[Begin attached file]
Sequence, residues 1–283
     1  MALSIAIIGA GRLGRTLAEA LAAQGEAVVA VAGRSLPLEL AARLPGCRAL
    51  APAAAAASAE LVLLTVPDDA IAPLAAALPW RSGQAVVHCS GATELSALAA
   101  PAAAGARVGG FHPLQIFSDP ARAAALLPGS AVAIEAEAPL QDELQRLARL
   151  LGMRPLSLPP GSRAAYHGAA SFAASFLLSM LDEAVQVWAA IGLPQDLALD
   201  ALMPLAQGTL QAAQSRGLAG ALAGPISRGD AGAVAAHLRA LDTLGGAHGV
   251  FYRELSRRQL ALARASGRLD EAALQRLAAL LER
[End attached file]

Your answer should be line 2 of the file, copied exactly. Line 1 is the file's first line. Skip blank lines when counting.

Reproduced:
     1  MALSIAIIGA GRLGRTLAEA LAAQGEAVVA VAGRSLPLEL AARLPGCRAL